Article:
Friday, April 30, 2010

A sed one-liner for LaTeX

Sometime in the near past, I posted my regex cheat sheet. With "sed" you can make regex work. For those not in the know:
sed is a stream editor. A stream editor is used to perform basic text transformations on an input stream (a file or input from a pipeline). While in some ways similar to an editor which permits scripted edits (such as ed), sed works by making only one pass over the input(s), and is consequently more efficient. But it is sed's ability to filter text in a pipeline which particularly distinguishes it from other types of editors.
But that doesn't really tell you much. Here is an excellent tutorial by Bruce Barnett. Here are explanations to some great one liners.

Today, I had to do something to a LaTeX manuscript, I have been working on for a few months: I finally made up my mind on which journal to send it to. While LaTeX in conjunction with natbib and BiBTeX is great for re-formatting, there was one issue that needed to be weeded out.

I wrote the manuscript using Nature citation style (compressed numerical superscripts) by using \cite commands after punctuation marks like commas and periods. The new place I wanted to send it to required author-year formatting before punctuation marks. Basically transform something like
This is known from previous studies.1-3
to,
This is known from previous studies (Smart and Boss, 1990; Smarter et al., 2005; Smartass 2011).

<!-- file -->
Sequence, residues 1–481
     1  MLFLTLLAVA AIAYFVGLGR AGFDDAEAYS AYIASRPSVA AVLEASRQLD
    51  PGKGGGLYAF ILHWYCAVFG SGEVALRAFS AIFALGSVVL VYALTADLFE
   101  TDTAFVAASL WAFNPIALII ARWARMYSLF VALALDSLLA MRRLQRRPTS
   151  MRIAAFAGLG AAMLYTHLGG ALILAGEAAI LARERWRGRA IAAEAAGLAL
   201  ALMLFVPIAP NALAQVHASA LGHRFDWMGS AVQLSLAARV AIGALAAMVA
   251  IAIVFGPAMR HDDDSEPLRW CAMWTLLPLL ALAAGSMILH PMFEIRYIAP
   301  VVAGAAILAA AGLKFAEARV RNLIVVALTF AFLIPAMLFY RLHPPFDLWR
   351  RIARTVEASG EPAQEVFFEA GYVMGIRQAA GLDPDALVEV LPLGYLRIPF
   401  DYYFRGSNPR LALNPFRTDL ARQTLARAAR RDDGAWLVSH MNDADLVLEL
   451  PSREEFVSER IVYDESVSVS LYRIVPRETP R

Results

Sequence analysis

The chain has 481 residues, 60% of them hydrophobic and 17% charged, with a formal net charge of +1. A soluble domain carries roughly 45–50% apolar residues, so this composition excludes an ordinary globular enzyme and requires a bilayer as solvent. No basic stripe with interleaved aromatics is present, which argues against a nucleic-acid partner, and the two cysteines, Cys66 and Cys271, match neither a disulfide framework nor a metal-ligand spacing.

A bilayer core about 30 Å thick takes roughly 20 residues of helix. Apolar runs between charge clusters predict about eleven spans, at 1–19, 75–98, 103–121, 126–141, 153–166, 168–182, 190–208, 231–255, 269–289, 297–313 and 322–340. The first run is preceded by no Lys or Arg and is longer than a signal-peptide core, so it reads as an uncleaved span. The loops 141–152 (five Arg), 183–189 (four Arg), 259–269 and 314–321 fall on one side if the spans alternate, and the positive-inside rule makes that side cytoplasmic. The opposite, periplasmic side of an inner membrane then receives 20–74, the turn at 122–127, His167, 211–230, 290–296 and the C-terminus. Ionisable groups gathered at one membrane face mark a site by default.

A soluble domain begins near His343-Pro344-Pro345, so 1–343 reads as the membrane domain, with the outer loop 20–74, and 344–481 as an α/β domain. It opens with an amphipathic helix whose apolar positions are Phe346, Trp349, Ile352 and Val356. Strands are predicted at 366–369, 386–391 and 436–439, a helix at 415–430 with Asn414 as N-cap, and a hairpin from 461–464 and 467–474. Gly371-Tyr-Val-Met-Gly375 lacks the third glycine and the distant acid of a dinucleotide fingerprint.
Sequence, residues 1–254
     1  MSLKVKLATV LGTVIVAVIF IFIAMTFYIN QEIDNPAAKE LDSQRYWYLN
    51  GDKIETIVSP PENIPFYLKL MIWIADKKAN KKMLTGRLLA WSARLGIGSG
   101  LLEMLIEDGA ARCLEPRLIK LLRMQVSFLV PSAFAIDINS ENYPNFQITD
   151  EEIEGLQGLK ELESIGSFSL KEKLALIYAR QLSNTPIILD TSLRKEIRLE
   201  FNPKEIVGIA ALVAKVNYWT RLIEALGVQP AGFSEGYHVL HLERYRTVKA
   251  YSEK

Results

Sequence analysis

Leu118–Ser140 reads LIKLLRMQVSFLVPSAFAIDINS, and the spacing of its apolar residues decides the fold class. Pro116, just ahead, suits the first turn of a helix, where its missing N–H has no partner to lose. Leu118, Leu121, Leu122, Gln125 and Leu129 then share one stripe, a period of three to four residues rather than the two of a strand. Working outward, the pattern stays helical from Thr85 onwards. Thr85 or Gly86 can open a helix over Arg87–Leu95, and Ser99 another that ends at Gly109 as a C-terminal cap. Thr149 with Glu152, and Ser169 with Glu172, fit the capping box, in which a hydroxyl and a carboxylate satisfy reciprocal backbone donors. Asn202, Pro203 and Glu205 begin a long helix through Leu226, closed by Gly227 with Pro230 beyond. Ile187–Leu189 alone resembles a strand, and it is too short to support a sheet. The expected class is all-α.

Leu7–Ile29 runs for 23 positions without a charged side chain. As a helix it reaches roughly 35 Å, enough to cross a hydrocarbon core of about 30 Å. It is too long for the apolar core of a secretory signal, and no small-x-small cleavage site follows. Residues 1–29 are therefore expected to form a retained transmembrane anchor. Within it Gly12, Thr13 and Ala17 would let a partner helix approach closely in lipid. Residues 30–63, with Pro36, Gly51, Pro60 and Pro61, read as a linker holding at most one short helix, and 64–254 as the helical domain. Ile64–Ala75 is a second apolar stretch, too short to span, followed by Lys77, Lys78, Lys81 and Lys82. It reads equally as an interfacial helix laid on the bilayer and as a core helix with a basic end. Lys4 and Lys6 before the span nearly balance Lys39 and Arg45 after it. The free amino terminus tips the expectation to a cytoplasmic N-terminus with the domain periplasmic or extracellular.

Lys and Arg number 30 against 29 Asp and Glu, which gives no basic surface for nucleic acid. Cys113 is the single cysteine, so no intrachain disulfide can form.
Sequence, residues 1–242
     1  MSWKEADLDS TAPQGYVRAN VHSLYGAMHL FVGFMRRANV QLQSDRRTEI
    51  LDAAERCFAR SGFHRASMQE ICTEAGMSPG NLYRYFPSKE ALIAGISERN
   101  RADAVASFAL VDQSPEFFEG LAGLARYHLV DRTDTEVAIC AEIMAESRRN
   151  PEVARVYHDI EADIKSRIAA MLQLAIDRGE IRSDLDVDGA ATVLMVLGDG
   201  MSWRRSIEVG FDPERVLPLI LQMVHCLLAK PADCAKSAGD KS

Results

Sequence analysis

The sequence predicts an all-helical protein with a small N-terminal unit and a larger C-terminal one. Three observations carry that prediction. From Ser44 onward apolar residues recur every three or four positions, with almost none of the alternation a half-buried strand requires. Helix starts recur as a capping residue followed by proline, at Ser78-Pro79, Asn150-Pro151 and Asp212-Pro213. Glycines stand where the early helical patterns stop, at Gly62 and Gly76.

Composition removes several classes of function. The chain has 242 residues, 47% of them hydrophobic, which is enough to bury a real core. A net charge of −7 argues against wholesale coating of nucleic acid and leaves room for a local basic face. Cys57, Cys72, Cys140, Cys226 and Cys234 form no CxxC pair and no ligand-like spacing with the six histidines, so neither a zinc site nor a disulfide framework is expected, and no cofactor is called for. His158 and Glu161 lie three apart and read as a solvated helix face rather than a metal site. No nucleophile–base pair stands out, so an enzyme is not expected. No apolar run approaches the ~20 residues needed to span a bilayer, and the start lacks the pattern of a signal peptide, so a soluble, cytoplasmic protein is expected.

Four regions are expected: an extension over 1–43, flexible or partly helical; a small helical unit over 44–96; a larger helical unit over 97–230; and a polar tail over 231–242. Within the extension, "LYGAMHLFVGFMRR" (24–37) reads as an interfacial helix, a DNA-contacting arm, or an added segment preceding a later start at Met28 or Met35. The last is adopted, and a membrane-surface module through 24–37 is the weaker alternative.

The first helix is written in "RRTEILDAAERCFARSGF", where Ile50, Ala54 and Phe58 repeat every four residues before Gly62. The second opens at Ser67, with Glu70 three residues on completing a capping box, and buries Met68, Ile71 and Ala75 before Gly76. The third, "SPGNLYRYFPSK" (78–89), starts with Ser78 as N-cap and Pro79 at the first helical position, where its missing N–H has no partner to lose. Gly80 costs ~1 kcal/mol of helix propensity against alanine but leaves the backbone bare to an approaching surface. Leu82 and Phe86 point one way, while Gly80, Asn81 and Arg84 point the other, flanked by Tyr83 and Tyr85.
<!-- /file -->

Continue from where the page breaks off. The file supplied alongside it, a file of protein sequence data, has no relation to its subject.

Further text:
Normally, this would be a fairly tedious manual exercise. But sed reduces the task into a one liner.

sed 's/\([,.;:]\)\\cite{\([a-z0-9, ]*\)}/ \\citep{\2}\1/g' doc0.tex > doc1.tex

Let me parse the command.

sed 's/xxx/yyy/g' doc0.tex > doc1.tex

substitutes (the s/) all matches (the /g' at the end for global substitution) of "xxx" in the file doc0.tex with "yyy" and writes it into a new file doc1.tex. So far it is a simple find and replace, which could have been done easily in most editors.

The real magic is the "xxx" and "yyy" in the original command. The [,.;:] matches any of the usual punctuation marks that precede a \cite declaration. Parenthesis \( and \) mark stuff to be remembered and \1, \2 etc puke it out. Thus,
echo abcd123 | sed 's/\([a-z][a-z]*\).*/\1/'
abcd

The \\ is required to protect the \, which has special meaning. The rest is plain old regex matching.

Saturday, April 24, 2010

Should teachers be judged based on student evaluations?

The case certainly can be made for including student surveys as one part of a teacher's overall evaluation. I understand and respect student opinion, as an important component for designing a continuous improvement strategy. Nevertheless, I have a problem, when they are used as the primary source of a teacher's evaluation.